This is just speculation by Bob Dutton of course but given that Teahen has 765 career PA's in the 3 spot with a .281/.350/.412 line it makes me wonder if Trey would pull the trigger on such a move. The general consensus was that DeJesus would be batting third and really I was fine that. DDJ has a good eye and though he doesn't have much home run power he does have some pop - he has slugged over .440 three of the last four seasons.

If Trey decides he wants to put DDJ elsewhere in the lineup I would rather see Butler or Gordon batting third rather than Teahen. They are both in their third season so the let's protect their confidence argument doesn't work with me, it's time these two deliver and I think at some point this season they will both be batting somewhere in the top five spots.

I'm still not convinced that Teahen will win the 2B job but if he does his bats projects better in the lower third of the batting order.

Saturday, March 21, 2009

More Gobble talk

Bob Dutton is concerned about the LOOGY-sized hole in the bullpen but Trey Hillman isn't:
“We just didn’t see him being a fit at this time,” Hillman said. “I’d prefer not to have a left-handed specialist.”

Trey has admitted to using Gobble incorrectly last season so I do believe him when he says this. Dutton, to his credit, noticed the contradiction in relation to the teams desire to have a left-handed starter.
Club officials have, however, long stressed the need for pitchers capable of handling the many tough left-handed hitters in the AL Central.

That view undergirds the Royals’ near insistence in working a left-hander into the rotation and explains why they overspent the market last December to sign veteran Horacio Ramirez, who hasn’t been an effective starter since 2005.

Thats called calling it like you see it and Dutton nailed it. I suppose if they were going with a six man bullpen then I'd agree that a LOOGY is a luxury they can't afford but since they insist on having seven why not keep a guy who can come in and get a Mauer or Morneau out in a tough situation?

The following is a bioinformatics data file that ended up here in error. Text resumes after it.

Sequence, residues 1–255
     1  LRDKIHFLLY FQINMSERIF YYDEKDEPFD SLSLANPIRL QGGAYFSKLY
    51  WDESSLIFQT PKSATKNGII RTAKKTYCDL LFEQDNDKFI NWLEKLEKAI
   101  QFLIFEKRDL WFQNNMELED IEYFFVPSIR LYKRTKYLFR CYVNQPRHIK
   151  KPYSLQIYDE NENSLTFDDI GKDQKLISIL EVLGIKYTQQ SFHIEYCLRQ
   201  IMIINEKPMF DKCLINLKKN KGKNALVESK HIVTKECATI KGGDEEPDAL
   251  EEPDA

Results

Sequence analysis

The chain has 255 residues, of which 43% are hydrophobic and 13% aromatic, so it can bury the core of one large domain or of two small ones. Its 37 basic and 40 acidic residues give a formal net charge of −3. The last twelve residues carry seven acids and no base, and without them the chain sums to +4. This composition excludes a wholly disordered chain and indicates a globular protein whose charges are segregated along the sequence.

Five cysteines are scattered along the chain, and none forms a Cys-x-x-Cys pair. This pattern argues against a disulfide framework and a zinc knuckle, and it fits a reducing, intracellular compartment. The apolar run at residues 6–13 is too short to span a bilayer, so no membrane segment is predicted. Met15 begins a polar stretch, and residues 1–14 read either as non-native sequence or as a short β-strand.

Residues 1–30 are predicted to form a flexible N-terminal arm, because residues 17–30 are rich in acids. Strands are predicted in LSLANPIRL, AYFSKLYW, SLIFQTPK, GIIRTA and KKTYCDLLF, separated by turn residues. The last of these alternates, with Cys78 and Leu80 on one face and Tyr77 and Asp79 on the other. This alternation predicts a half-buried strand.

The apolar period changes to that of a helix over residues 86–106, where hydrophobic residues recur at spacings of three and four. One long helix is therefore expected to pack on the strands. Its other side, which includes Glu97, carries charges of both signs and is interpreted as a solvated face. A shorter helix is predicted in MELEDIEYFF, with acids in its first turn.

Let's walk through their decision. Ramirez is not good but he's left handed so they want him in the rotation because the Central has a lot of good left handed hitters. Gobble dominates left handed hitters but since he struggles against right handers there is no room or him in the pen. Ramirez would pitch every fifth day, Gobble conceivably could pitch everyday. Okay, admittedly their logic escapes me.

So now with runners on 2nd and 3rd in the 7th inning with Justin Morneau at the plate who does Trey call upon?
Gobble 69 .200/.246/.323
Soria 139 .167/.261/.275
Farnsworth 122 .275/.375/.578
Cruz 110 .159/.310/.232
Waechter 122 .303/.358/.486
Tejeda 88 .225/.284/.413
Bale 45 .275/.356/.325
Peralta 97 .247/.330/.600
Mahay 110 .255/.327/.394

Cruz and Soria are the 8th and 9th inning options so they are out and I can't see him bringing in Tejeda no matter what the splits say. My money is on Mahay or Bale and I suppose that it will be fine but neither is Gobble. It will be interesting to see how many times Trey pulls them when the next hitter is right handed, I bet it happens more than once because he is more conventional than he lets on.

By the way left handed hitters hit .350/.403/.433 versus Ramirez last season. Take from that what you will.

Wednesday, March 18, 2009

Third Base Prospect Rankings

Every week until the start of the season I will go through what I consider to be the top 5 prospects at each position in the Royals farm system. Catchers. 1st Base. 2nd Base. Shortstop.

#1 - Mike Moustakas
6’0 – 195 lbs.

After his junior year in high school, scouts began to take notice of the 5’11 – 175 lbs. shortstop after he hit fourteen home runs for Chatsworth HS (CA). A stronger Moustakas returned for his senior season and hit a state-record twenty four home runs which gained his first of many Baseball America accolades as the High School Player of the Year. He was also the QB for his high school team and clocked in with a 98 MPH fastball while on the mound. The Scott Boras client was said to have scared off many small market teams, but the Royals remained undeterred and used their 1st round pick (2nd overall) to sign Moustakas who many claimed to be the best hitter available in the 2007 draft. The Royals went right to the wire in signing Moustakas eventually inking him to a contract with a $4 million bonus.